Capital Gains Tax Reform
A number of suggested reforms to Capital Gains Tax have been accepted by the government.
In May 2021, the Office of Tax Simplification published a report that included 14 recommendations. The government’s response was published on 30 November. While any major changes, such as aligning CGT rates with income tax were ruled out, five of the OTS recommendations have been accepted. Some of these are concerned with improvements to guidance or access to the CGT service, but some technical changes will also be made.
Firstly, the window for spouses making a no gain no loss transfer following a permanent separation or divorce is to be extended. Currently, the exemption only lasts until the end of the tax year the separation occurs in. As a result, couples that split up towards the end of the tax year only have a very short time period in which to transfer assets between themselves with no CGT implications. This window will be extended to the end of the tax year that follows the year of separation, meaning all couples that permanently separate will have at least twelve months to rationalise their assets.
Secondly, as previously announced in the October budget, the time limit for UK property returns and the associated payment has already been extended from 30 days to 60 days.
Thirdly, there will be an extension to rollover relief in circumstances where certain land has been sold under a compulsory purchase order. The current rules allow relief to be claimed if new land is purchased. The OTS recommended that the rule should be amended to permit relief to be claimed if the proceeds from the disposal are instead utilised to develop or improve remaining land, i.e. extending the asset reinvestment classes. The recommendation in the report appears to specifically look at agricultural businesses but does also go on to say that the government should consider whether or not the recommendation should be applied to other business sectors as well. This won’t be clear until there is a further announcement regarding the policy, or draft legislation.
The government response also indicated it would consider a number of the other recommendations further.
R & D Tax Relief Reform
30 November was also the designated Tax Administration and Maintenance Day for 2021. Traditionally, the day is used to announce a number of tax policy and consultation updates. Perhaps the highlight of the announcements was some further detail regarding the reforms to research and development (R&D) tax relief that were initially announced at the autumn budget.
Among the numerous concerns with the existing system is that almost half of qualifying expenditure is currently used to fund activity that doesn’t take place in the UK, e.g. via the use of outsourced workers. In order to combat this, the rules will be changed so that expenditure on outsourced workers will only be qualifying expenditure where the underlying R&D activity takes place in the UK. The revised legislation will apply from April 2023.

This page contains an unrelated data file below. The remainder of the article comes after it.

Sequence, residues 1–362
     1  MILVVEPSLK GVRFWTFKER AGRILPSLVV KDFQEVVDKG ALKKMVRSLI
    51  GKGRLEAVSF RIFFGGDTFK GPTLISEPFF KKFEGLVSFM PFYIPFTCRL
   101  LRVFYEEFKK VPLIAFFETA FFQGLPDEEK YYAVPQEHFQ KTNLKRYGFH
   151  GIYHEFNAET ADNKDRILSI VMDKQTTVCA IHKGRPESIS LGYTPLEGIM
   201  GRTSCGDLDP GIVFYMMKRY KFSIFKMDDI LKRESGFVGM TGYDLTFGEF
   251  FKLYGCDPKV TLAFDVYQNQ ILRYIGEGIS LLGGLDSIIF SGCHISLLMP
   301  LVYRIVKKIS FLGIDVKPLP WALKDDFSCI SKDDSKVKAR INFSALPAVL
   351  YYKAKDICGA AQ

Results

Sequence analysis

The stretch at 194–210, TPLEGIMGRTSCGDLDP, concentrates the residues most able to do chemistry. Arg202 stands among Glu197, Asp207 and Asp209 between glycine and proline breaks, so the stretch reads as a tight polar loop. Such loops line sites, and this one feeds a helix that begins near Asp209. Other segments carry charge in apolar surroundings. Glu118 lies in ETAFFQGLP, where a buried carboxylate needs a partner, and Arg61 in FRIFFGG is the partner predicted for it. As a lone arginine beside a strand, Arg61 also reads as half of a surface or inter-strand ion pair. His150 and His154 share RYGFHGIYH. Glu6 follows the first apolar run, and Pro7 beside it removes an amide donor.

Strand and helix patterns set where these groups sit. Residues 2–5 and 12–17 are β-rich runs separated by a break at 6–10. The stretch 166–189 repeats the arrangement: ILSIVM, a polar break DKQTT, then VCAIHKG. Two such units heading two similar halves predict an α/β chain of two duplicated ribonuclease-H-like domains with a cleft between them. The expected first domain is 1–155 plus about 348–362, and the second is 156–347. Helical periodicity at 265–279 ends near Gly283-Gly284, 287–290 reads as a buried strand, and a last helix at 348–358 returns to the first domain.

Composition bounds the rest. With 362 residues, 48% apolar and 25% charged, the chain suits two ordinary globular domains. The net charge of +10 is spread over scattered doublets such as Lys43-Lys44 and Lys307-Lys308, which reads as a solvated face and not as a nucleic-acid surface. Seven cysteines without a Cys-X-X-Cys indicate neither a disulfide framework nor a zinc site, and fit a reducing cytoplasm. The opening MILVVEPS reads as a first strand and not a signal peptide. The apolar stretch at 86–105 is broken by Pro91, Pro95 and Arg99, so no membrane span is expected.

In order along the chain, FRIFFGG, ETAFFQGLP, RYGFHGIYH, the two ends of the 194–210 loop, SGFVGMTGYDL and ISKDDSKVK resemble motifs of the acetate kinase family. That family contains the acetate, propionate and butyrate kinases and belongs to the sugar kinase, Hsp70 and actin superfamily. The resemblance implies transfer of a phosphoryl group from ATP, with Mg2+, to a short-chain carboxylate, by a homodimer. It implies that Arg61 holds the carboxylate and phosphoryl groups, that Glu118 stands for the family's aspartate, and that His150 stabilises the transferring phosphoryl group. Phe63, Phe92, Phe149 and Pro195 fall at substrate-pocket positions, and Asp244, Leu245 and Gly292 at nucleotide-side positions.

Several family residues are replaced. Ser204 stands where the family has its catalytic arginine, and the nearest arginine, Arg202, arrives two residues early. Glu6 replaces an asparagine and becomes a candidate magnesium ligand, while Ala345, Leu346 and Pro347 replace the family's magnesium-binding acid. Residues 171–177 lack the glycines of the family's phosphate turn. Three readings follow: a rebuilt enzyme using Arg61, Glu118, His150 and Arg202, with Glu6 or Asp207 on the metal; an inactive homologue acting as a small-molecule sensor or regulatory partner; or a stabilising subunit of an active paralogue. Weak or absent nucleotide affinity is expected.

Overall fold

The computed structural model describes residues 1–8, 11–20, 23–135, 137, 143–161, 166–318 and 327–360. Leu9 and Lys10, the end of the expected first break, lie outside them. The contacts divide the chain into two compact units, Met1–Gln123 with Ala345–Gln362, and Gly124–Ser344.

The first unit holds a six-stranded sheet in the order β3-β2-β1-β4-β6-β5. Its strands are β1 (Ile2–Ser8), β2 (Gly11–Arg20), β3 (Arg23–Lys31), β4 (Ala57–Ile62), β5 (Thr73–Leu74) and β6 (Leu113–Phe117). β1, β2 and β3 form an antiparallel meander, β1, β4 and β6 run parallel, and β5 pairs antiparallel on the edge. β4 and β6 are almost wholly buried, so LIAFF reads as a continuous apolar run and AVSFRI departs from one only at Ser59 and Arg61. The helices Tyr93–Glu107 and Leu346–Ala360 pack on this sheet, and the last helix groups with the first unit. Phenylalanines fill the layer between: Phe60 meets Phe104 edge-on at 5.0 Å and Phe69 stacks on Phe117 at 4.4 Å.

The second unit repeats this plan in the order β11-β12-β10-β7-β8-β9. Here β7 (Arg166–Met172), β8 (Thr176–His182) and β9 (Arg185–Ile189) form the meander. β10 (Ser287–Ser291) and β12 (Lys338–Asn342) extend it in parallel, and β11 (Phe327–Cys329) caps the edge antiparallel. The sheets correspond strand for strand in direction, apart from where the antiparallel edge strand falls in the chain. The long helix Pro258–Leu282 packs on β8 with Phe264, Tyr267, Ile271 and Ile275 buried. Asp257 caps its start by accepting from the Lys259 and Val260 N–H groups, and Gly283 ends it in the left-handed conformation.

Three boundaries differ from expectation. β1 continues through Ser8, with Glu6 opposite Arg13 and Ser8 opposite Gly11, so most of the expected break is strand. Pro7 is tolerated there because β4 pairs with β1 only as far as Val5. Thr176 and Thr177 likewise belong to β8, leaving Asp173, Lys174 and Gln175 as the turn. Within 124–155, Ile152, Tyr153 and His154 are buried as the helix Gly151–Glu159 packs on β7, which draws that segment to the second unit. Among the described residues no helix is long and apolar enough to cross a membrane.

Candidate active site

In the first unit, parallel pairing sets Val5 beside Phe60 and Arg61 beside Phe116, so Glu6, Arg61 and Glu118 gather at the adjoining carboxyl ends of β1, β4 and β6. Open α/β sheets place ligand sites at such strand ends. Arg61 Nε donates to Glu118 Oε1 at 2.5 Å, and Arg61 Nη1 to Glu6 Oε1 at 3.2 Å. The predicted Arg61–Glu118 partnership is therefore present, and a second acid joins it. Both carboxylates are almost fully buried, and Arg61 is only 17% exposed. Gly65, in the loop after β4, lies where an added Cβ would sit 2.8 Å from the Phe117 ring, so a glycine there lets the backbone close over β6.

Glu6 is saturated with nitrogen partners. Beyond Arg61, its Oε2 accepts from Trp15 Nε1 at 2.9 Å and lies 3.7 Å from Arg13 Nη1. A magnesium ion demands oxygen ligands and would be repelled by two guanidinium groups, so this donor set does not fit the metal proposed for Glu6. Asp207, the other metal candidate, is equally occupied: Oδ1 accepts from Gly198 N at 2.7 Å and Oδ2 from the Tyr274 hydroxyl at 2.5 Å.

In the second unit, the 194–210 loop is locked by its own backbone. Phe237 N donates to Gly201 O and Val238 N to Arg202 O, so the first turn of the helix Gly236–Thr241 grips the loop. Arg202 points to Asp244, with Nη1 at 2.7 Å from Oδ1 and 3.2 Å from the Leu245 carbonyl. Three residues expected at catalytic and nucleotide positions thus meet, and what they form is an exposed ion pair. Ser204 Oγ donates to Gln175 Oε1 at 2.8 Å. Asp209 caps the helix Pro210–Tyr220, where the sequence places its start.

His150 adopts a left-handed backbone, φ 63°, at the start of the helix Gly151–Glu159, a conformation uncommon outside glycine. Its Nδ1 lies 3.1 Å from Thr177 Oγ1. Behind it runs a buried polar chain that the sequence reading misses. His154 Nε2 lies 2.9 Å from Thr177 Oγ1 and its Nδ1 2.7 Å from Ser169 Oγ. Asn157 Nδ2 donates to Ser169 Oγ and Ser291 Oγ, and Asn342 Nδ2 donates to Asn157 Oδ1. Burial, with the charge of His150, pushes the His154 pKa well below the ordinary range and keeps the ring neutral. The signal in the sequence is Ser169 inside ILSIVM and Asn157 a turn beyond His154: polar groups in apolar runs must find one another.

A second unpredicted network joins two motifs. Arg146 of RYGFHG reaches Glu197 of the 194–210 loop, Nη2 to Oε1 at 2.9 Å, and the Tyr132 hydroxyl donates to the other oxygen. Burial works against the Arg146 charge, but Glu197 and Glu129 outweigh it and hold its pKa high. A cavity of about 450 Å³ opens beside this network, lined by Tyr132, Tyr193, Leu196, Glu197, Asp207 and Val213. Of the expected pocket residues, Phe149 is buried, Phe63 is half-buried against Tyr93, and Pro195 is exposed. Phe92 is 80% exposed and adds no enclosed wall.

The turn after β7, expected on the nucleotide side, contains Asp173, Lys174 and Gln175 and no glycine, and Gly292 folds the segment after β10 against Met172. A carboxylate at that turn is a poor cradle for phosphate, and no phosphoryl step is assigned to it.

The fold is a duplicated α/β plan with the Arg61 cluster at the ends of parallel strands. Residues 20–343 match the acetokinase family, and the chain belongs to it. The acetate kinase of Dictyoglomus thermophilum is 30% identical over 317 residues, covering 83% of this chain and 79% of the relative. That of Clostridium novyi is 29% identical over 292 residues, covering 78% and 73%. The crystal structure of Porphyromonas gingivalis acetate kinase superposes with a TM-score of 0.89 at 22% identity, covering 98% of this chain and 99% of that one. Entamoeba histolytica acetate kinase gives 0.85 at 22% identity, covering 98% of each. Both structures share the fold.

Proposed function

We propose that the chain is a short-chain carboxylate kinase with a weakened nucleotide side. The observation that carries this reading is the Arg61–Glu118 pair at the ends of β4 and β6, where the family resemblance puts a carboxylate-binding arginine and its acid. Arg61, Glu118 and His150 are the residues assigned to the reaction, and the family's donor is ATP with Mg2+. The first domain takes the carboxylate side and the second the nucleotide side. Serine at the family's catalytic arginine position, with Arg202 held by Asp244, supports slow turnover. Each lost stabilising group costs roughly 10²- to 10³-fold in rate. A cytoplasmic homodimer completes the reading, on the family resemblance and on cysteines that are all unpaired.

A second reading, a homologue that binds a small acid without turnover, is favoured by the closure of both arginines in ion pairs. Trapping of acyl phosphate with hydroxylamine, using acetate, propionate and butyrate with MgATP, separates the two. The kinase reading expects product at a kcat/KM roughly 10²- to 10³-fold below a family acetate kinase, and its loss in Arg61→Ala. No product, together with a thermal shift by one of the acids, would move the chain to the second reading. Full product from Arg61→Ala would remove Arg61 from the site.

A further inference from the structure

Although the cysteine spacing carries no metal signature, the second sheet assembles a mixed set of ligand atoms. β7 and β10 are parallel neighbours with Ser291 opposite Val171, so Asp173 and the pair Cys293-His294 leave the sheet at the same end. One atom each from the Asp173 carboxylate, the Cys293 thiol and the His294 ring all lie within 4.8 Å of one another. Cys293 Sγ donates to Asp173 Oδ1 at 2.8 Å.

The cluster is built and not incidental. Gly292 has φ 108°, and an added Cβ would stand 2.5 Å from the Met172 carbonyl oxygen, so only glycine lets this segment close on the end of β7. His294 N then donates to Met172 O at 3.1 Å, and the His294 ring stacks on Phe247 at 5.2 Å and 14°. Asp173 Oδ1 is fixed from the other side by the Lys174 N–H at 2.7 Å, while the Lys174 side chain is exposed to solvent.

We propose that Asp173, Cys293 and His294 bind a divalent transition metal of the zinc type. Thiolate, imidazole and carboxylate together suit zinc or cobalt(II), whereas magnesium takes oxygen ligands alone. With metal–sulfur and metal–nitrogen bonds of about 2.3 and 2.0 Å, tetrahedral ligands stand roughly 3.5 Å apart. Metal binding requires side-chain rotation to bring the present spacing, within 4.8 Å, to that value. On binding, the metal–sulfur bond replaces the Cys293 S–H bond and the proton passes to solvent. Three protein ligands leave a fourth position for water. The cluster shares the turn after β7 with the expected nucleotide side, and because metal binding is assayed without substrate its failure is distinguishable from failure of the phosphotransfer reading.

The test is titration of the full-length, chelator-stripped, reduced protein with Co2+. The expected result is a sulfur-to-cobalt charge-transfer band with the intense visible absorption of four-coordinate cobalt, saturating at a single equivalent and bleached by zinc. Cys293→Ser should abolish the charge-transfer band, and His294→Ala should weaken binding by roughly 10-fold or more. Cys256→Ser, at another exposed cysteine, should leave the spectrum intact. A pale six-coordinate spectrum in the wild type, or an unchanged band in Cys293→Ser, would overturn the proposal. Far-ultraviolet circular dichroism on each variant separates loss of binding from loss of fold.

In order to modernise the relief, two new categories of expenditure will be brought into the scope of the relief from April 2023:
- licence payments for datasets; and
- cloud computing costs that can be attributed to computation, data processing and software.
There will also be changes to the administration of the relief, including a requirement to make all claims digital and contain far more detail than is currently required. Companies intending to make a claim will need to make this intention known to HMRC in advance and include details of any agents or other third party that is involved with advising the company regarding the claim.
SEISS Grants and Tax Return Entries
January is always the busiest month for tax return filing. HMRC have issued a timely reminder to the estimated 2.7 million taxpayers that claimed at least one self-employment income support scheme grant that these need to be declared on the 2020-21 tax return. It is essential that these are reported in the specific boxes in the self-employment, or partnership, pages. There have been a number of instances where uncertainty has led to taxpayers including the grants elsewhere, e.g. as “other” income. As this will cause a discrepancy with HMRC’s system, the return will be auto corrected and there is a risk that the taxpayer will be assessed on the grant income twice – once under the correct category, and once under the erroneous one.
Scottish Tax Rates
The Scottish Budget was delivered on 9 December 2021. There were no major changes to the devolved taxes. In relation to income tax, there are no changes to rates, but the starter and basic rate bands will increase with inflation. The other thresholds remain unchanged. There are no changes to the rates or bands for land and buildings transaction tax.